“Mommy, baby is tired. I need to put baby in the pack and walk,” says Cedar, my two-year old.
I quickly design a makeshift baby carrier, tying his baby doll to his stomach. He walks back and forth across the house and then stops and sways. After five minutes, he sighs heavily and says disappointedly, “Baby is still awake.” He walks on mumbling to himself about how baby needs his milk and how the baby is too little to drink water out of a cup.
One day, recently, we were all eating dinner when Isaac, my five-year-old, broke the silence. “Mommy, what do I do when I get bigger, like when I am six or seven, and I am feeling angry or sad?”
I am constantly struck by how much gender weaves its way into parenting. The expectations and limitations of gender begin so young. I already see the world seeping in, trying to stifle my children’s freedom to be all that they are in their fullness.
The fact that I am raising two boys came as quite a shock. Here I am married to a woman, both of us with only sisters. What do we know about boys? I was raised by a warrior mother who taught me to be a powerful feminist. I was prepared to raise my own kickass girls. But life has a funny way of leading you into new and wonderful places.
I don’t know what I’m doing, and I’m on a steep learning curve. I am searching for places to unpack toxic masculinity and giving thanks for those modelling a different way.
While it feels weird and somehow obvious to name it out loud, I am realizing how much I do love men and I want liberation for their hearts too. And I am beginning to ache with my male friends who struggle to uncover what has been lost as they try to articulate the emotions within them.
I worry about my kids. I watch Isaac around other people and see the ways he can lose his centredness in body and heart. I watch the way Cedar’s anger and sadness come out through his body and hands. How easily can these early developments be manipulated and pushed into masculine behaviour of disembodiment and violence?
I want them to feel grounded in their bones. I want them to always feel the freedom to dance. And I want them to be able to express what’s in their hearts, with their bodies, without the only outlet being violence.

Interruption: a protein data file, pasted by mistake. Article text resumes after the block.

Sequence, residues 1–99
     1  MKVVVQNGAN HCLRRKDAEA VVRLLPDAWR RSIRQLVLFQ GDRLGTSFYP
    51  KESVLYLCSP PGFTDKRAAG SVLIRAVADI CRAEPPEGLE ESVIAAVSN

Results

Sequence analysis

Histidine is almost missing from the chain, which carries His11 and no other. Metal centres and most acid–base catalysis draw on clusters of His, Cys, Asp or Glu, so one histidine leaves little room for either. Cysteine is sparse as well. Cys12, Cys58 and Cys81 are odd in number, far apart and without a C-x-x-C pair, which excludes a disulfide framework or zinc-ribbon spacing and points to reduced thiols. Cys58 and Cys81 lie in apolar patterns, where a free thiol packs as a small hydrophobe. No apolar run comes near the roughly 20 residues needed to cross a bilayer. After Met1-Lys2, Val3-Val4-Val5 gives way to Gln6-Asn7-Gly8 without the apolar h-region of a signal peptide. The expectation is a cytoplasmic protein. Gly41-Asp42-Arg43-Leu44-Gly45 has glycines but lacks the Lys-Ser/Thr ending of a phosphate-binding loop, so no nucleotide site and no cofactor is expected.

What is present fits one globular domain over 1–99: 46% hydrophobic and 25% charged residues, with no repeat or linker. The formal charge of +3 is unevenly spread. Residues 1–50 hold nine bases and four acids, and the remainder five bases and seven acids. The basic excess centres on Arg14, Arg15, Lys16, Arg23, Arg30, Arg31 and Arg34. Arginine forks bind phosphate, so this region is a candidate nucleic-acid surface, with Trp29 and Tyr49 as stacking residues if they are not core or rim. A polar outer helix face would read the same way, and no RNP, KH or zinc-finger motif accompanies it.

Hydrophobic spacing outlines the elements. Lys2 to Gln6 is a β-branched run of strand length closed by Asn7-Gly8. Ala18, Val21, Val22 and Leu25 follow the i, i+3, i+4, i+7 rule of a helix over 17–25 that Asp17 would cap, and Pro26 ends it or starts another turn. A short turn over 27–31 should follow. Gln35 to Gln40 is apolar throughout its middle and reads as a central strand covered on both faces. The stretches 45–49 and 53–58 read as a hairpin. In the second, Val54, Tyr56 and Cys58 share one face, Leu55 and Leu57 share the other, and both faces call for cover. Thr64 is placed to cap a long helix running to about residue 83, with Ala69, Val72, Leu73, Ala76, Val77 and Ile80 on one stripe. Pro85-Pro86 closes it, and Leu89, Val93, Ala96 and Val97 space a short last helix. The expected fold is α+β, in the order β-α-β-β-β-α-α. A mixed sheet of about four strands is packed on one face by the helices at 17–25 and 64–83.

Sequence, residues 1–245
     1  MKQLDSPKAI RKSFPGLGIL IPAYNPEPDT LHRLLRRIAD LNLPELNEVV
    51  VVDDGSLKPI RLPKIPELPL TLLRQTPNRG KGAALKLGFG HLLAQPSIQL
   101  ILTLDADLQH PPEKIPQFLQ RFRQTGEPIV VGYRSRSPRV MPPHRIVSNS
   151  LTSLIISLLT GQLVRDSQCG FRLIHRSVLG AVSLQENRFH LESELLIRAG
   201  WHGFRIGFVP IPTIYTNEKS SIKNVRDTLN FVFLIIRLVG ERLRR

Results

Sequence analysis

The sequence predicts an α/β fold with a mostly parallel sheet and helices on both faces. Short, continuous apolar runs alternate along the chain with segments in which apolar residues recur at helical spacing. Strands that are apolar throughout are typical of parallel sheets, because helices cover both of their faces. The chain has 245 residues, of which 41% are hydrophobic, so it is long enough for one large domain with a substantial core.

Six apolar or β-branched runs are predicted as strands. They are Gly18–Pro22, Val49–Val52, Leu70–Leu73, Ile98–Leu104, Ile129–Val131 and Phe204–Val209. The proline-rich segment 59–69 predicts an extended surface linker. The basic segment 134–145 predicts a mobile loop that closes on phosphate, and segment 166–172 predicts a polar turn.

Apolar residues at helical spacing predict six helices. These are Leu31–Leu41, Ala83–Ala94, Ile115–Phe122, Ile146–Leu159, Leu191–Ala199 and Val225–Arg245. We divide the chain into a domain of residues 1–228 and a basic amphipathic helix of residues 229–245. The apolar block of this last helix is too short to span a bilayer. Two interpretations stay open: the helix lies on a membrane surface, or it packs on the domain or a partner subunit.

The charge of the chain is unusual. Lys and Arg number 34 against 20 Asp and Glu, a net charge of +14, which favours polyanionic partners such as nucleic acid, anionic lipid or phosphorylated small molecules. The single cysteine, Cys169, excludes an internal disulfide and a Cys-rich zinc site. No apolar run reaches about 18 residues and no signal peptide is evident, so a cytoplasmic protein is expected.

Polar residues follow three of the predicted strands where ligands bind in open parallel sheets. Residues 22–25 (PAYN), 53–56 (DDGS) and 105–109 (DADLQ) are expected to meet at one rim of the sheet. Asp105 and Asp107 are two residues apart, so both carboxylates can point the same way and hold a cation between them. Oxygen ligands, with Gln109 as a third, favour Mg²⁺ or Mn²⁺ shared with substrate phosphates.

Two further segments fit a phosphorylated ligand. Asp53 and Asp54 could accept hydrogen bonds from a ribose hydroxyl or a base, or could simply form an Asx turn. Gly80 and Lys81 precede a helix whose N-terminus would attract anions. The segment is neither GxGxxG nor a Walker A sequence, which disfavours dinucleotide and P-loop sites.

While I do worry, I also see glimpses of freedom and strength that amaze me.
I watch Isaac’s excitement and pride as he wears his self-selected pink tennis shoes to school each day. I delight in his questions and concerns about the needs of the world as he makes sure he always has change in his pocket in case someone on a corner needs money. I honour Cedar as his heart is encompassed by the tears of others. When a child at the park falls, his own tears begin to fall, worrying about the other child.
I want to tend to their hearts and help them be alive in their bodies. I want them to listen deeply, honouring all voices. I want them to name their needs and rely on community. I want them to know how to step back and follow. I want them to know the power of words and use them in the work of justice. I want them to be loved and cared for and to know how to nurture in return. I want them to know the delights of intimacy. I want them to help smash the walls of patriarchy
and white supremacy.
But most importantly, I want them to be who they are.
With these hopes, we take them to the March for our Lives, resisting an epidemic of white men mass shooting out of loneliness, hate, and supremacy. We worship at the Catholic Worker where the voices of women preach the gospel. We spend time outside nurturing the seeds that grow, caring for chickens, and loving this earth with all its ecosystems. We model a marriage that uplifts each other’s work, offers gratitude constantly, and cares for each other’s hearts, minds, and bodies.
We surround them with gentle, loving men who cry easily and are doing their work around masculinity. We seek spaces to be wild, with the physicality of climbing trees and jumping on beds. We praise their moments of nurture, honesty, and intimacy. We tell them again and again how much we love them for all that they are and all that they will become.
So, Cedar, carry that child and nurture it with your own body. Feel the sway and hear the cry. And Isaac, when you are angry or sad, cry and cry and cry some more. Use your words to express the depths of feeling and why you feel the way you do.
Keep asking questions. Keep dancing even when it feels uncomfortable. Do not let the systems of limitation in this world deaden your imagination or keep you from being the gift you are meant to be in this world.
Lydia Wylie-Kellermann is a writer, editor, activist, and mother. She lives with her partner and two sons in the neighbourhood where she grew up in southwest Detroit. She is the co-founder and curator of www.RadicalDiscipleship.net, a daily-updated blog focused on telling stories about what is happening on the ground among faith communities that actively yearn for a world defined by peace, justice, and dignity for every living being.
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